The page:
As the current presenter for AJ+, Takruri’s mission is to challenge the establishment; she recently called out former President Donald Trump for his skewed perception of Latino immigrants. Her narrative counters the Western ideology that Arabs are the troublemakers, instead relying on her integrity to supply viewers with an objective gaze, and gaining acclaim from young Arab and Muslim Americans who view her as a role model. Speaking to Vox, she revels in her newly found platform, saying, “I’m proud to be a positive representation for those youth who can say, ‘I can grow up and be on camera and make a difference.’ The sky’s the limit.”  

Dena Takruri is currently the host of Direct From With Dena Takruri, a role she’s been in since 2015. The show has received critical acclaim, being recognised by the Edward R. Murrow Award, Webby Award, Shorty Awards, and Clarion Award. 

4. G. Willow Wilson: Comic Book Writer

Co-creator of the Hugo and American Book Award-winning series Ms. Marvel, G. Willow Wilson has changed the landscape of the superhero genre by shifting the demographics of its audience. Born in New Jersey in a traditional, upper-middle-class family, Wilson published a 2010 memoir, The Butterfly Mosque, which details her conversion to Islam at age 20 and the subsequent backlash she received, along with her own doubts about its credibility. The Butterfly Mosque is a subtle portrayal of Muslim womanhood, and chronicles her own upbringing and cross-cultural experiences of embracing Islam as an American girl raised in an atheist home.

An American comic book writer, prose author, essayist, and journalist, Wilson has broken down the barriers of the traditional superhero and is leading the renaissance in female comic superheroes, as well as mixed ethnicity ones. Ms. Marvel is a coming-of-age story about a Pakistani-American girl in Jersey City who comes to terms with her newly acquired superpowers. It revolutionised the comic book industry and provided Wilson the platform with which to change the landscape of the definition of a superhero. Her comic Cairo was written while she taught English in Egypt, having only recently converted to Islam.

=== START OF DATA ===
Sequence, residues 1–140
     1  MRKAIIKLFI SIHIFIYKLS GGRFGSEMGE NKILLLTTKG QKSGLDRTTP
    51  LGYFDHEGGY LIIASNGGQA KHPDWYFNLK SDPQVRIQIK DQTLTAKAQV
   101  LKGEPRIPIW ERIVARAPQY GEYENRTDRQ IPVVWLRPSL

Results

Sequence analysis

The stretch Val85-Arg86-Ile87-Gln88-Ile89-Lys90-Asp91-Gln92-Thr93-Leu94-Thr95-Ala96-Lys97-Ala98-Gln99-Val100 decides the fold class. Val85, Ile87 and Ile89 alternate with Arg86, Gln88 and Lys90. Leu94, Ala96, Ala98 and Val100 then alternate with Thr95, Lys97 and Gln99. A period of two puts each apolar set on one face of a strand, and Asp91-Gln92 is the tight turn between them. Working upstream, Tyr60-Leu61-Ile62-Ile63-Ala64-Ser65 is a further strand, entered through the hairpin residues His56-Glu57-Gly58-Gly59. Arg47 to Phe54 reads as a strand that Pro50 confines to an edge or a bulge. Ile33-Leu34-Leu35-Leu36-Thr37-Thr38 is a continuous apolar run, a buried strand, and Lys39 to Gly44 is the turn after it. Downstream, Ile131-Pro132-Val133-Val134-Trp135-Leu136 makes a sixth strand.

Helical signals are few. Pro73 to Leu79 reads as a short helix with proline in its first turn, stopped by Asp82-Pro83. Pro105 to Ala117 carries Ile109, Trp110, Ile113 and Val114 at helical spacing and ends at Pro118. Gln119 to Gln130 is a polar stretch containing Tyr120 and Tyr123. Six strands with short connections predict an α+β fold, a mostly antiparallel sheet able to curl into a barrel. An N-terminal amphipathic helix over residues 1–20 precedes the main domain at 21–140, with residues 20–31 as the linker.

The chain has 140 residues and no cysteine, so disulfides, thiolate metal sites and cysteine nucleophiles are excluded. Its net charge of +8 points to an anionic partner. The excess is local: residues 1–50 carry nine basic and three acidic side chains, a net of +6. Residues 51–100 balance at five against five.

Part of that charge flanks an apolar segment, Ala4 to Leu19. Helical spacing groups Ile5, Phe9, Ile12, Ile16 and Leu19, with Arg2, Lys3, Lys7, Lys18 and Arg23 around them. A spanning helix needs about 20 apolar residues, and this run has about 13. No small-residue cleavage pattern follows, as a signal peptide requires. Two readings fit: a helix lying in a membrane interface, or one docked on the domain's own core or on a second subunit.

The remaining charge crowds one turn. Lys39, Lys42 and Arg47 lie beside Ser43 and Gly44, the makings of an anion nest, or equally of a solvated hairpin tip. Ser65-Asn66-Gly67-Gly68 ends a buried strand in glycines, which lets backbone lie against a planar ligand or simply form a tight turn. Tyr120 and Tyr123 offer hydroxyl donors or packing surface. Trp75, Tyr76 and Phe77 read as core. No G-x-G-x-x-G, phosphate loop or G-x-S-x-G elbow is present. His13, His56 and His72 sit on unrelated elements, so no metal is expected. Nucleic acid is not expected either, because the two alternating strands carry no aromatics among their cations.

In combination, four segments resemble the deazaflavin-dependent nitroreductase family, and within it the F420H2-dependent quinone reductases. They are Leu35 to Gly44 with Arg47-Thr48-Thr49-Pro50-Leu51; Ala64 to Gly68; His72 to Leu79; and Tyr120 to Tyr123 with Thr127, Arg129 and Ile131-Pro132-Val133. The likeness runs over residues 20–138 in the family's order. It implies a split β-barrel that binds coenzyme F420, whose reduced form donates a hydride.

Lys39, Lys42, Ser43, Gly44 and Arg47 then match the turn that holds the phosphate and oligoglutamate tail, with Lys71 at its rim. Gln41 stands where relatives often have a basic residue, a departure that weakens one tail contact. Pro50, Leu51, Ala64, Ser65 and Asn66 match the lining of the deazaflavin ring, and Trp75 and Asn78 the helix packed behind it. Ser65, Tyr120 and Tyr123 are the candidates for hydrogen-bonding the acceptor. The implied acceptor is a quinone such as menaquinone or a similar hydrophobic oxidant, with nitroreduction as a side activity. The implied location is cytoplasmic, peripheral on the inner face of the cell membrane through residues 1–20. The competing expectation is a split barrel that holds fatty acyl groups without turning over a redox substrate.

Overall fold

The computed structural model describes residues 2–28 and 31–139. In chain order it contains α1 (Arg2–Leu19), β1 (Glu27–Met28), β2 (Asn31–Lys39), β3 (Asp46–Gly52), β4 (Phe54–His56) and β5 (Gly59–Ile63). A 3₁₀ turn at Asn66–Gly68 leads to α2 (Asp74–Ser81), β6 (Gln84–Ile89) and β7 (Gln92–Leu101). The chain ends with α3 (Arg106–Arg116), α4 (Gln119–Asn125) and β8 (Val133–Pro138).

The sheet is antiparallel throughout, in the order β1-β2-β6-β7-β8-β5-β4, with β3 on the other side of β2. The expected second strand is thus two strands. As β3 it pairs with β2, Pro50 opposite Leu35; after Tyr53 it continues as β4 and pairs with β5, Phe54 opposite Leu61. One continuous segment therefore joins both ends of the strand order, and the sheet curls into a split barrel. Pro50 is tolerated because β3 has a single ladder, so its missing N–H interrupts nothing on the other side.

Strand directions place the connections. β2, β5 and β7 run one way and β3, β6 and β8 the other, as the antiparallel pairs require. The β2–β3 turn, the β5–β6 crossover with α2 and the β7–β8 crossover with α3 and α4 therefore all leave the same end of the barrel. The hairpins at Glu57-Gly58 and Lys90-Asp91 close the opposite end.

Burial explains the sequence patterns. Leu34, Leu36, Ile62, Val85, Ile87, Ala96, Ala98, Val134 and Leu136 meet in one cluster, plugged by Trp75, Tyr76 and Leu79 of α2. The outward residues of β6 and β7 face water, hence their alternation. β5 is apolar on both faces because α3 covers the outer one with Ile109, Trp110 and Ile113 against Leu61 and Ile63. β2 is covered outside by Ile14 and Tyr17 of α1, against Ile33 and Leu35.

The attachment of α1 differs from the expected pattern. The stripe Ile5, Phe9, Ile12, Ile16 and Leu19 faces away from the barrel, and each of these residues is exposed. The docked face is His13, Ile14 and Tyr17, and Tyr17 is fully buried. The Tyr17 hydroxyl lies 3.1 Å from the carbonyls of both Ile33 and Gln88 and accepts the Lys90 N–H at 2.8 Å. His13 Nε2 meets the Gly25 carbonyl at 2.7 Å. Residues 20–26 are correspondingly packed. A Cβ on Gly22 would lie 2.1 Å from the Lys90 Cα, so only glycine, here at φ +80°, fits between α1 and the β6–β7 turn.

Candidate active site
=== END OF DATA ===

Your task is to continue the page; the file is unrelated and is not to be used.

5. Hoda Katebi: Iranian-American Writer

Founder of the Blue Tin Production (an apparel-manufacturing co-operative that sets the bar in labor and sustainability, and run by immigrant, refugee, and working-class women of colour), Hoda Katebi set-out to disrupt the fashion industry in the U.S. by lowering the amount of pollution that goes into producing clothes. 

Katebi — born in Oklahoma to Iranian parents — began her writing career in 2013 by publishing critiques on the fashion industry in her platform, JooJoo Azad (translating to “free bird”). There, she focused her content on feminism as well as a resistance to Western Orientalism and domestic Iranian mandatory dress codes.  

As a Muslim woman growing up in Oklahoma, Katebi encountered racial prejudice regularly and was, therefore, able to build an enterprise that utilised fashion and art, to not only fight back against her oppressors but also using art for liberation, self-care and as a vehicle for social change. As she eloquently puts it: “if you’re not questioning the status quo, and imagining alternatives, you’re silent and complacent.”

6. Najah Bazzy: Humanitarian

An internationally recognised healer, humanitarian and interfaith leader, Najah Bazzy is the founder of Zaman International, a nonprofit organisation advancing the lives of marginalised women and children by enabling them to meet essential needs and break the cycle of poverty. Providing a blend of urgent assistance and self-reliance, the community-driven approach empowers households through vocational training and proudly states that it has transitioned “from a hand-out to a hands-on model.” 

Bazzy’s commitment to the cause is a credit to her integrity and passion for creating a platform for healing, especially bearing in mind that she left a six-figure salary as a critical-care nurse to build Zaman International. 

She cites this empathetic model as a big reason she founded Zaman, stating, “we have a human responsibility to care for one another.” 

She says as an organisation it is at its best when focusing on dignity and advocating hope. “As a nurse I heal others, while Zaman is a place that heals the world.”  

In 2019, Bazzy was recognised as a Top Ten CNN Hero, which shone the spotlight on her growth from a grassroots team of volunteers to a world-class organisation with a global reach of over 1.8 million in 20 countries since 2010. Bazzy also serves as an Adjunct Professor at Michigan State University’s Institute of International Health.